Social culture

Africans are warm and open to foreign visitors. Sub-Saharan Africa is home to innumerable tribes, ethnic and social groups and as a result the cultures are quite diverse and varied and not static, and like most of the world have been impacted upon by both internal and external forces. During colonialism in Africa, Europeans had a sense of superiority forcing locals to give up their African culture and adopt European ways in order to be accepted. The significant exposure to the West, and the adjustment of local cultural values to Western ideas is a continuing process.

Media coverage has emphasized Africa’s negatives – its droughts and famines, diseases and deaths, coups and wars. As a result much of the world has taken little interest in Africa, with the exception of the situation in Zimbabwe, tribal warfare in Somalia and other headline-grabbing news stories.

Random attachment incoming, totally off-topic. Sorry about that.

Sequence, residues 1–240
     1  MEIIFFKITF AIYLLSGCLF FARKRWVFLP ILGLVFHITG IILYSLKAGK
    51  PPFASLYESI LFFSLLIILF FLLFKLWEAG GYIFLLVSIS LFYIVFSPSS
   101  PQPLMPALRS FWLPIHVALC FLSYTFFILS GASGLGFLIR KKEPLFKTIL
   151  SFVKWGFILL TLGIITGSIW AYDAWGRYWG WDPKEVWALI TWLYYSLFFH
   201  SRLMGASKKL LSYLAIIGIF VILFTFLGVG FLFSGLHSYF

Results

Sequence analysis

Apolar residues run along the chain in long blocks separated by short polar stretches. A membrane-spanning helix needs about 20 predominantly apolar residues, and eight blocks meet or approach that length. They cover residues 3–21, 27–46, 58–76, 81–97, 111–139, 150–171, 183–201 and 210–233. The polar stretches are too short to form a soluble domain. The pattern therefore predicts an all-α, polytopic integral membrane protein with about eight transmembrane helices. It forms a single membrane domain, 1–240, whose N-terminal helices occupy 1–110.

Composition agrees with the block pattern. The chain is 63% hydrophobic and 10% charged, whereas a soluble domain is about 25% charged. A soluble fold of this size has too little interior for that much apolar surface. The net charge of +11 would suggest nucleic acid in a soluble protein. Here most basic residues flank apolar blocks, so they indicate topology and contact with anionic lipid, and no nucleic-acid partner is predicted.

Business Culture

Conducting business in Sub-Saharan Africa requires cultural awareness and effective cross-cultural communication skills. What might be acceptable in Europe, for example, may be unacceptable in Africa. Do not expect French or Portuguese speaking business people to speak to you in English even if they understand it. Business objectives may be the same, but ways of implementation and communication differ greatly.